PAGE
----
Michelle Kung
June 25, 2004 AT 04:00 AM EDT

If there’s no business like show business, there’s no caricaturist like Al Hirschfeld. A witty chronicler of the Great White Way, the New York Times sketch artist (who died in January 2003 at age 99) is lovingly portrayed as a steady-handed sprite in The Line King, this meticulous doc. Tracing his life decade by decade, director Susan W. Dryfoos layers commentaries from the likes of Katharine Hepburn and Carol Channing over Hirschfeld’s renditions of each performer, and the former sculptor himself reveals colorful personal tidbits (the U.S. military used to train student pilots by having them find the ”Ninas” — the odes to his daughter — hidden in his drawings!).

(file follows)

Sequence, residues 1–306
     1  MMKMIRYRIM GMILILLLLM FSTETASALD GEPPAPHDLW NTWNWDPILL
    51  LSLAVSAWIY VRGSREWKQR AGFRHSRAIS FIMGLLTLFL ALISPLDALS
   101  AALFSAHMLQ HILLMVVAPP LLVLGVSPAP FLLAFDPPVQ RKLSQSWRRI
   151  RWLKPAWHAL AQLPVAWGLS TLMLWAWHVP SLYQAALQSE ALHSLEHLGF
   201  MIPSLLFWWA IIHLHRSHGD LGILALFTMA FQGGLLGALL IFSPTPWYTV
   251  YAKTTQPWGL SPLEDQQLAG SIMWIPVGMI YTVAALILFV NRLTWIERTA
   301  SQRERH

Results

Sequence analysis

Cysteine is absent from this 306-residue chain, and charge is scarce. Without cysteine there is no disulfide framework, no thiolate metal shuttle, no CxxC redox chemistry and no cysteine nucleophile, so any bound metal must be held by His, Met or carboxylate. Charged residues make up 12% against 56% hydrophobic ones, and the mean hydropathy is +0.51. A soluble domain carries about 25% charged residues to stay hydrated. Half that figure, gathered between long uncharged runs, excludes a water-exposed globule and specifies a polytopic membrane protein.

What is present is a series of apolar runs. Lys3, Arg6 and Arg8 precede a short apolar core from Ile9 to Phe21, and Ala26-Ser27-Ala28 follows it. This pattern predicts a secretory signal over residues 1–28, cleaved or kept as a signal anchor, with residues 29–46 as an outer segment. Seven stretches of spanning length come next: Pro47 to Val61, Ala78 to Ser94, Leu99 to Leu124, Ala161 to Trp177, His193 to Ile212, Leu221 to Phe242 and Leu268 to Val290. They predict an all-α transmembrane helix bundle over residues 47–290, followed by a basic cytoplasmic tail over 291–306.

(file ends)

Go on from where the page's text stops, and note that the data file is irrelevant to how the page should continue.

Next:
EXTRAS Sparse additions include a silent gallery of Hirschfeld’s well-known pieces (including Marilyn Monroe and Humphrey Bogart) and a seven-minute film of the artist in his element: making a sketch of Paul Newman in 2002’s ”Our Town.”

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